Below are various advanced stats from the Patriots’ 7-9 campaign in the 2020 season.
CAM NEWTON’S PASSING METRICS
If you don’t want quarterback Cam Newton to return next season, that’s a reasonable take and one we share as well if an upgrade is available.
Newton finished the season 30th in QBR, 29th in completion percentage over expected (-1.5), and 24th in Pro Football Focus passing grade out of 35 qualified quarterbacks.
Although Newton struggled, those that still believe he has good football in him should consider how Cam’s 2020 season compares to Tom Brady’s 2019 campaign with New England.
Brady’s traditional box-score stats pale in comparison to Newton’s this season, and nobody is arguing that Cam is on Brady’s level. However, it’s worth noting that both quarterbacks struggled with limited supporting casts in their most recent seasons with the team.
In 2019, Brady was 28th in completion percentage over expected and 22nd in on-target rate. In fact, Brady’s CPOE last season was worse than Newton’s this season.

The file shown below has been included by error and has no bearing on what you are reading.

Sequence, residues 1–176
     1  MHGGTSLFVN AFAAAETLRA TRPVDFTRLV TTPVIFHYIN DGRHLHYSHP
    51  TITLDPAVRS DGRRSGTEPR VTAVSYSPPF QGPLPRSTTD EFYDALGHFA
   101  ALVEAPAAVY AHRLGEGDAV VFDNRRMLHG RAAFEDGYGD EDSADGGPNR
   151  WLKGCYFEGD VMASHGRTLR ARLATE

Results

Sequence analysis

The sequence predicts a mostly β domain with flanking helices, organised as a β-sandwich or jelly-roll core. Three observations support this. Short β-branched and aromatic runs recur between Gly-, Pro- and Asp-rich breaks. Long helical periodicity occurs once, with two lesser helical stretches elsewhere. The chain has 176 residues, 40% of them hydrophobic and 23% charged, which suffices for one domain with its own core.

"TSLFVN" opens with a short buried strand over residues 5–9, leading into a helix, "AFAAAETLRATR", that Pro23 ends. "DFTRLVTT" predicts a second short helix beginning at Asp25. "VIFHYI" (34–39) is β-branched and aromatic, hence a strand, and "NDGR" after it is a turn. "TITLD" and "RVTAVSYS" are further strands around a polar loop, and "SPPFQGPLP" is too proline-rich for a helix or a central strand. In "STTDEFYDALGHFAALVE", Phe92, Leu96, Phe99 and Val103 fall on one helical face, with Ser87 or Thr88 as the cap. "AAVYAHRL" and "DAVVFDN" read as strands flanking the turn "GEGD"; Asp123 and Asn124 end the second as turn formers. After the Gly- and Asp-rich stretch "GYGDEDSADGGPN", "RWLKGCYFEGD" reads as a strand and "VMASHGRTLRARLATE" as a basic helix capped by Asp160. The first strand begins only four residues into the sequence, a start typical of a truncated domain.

Again, Brady’s numbers were better than Newton’s, but whether it’s Cam or another quarterback in 2021, both former MVPs had subpar seasons by their standards in the Patriots’ offense.
The Patriots need to upgrade their passing attack in every way possible, including quarterback, but whoever is under center in the future will struggle if they don’t bring in better pass-catchers.
PASS PROTECTION STATS
Statistically, New England’s offensive line took a step back in pass protection without legendary offensive line coach Dante Scarnecchia at the helm.
The Patriots’ O-Line was 17th in PFF’s pass-blocking efficiency metric, and Newton was under pressure on 31 percent of his drop-backs (15th in the NFL). For comparison, the Pats were ninth in pass-blocking efficiency and tied for sixth in pressure rate in 2019.
Although the line wasn’t as sharp at times, a large portion of New England’s statistical decline in pass protection was on the quarterback. Newton (2.70 secs) held the ball longer than Brady (2.58), and there was a learning curve for Cam in setting the protection properly.
Rookie right tackle Michael Onwenu had a stellar first season in pass protection. He finished tied for third in quarterback pressures allowed (13) and tied for fifth in pass-blocking efficiency.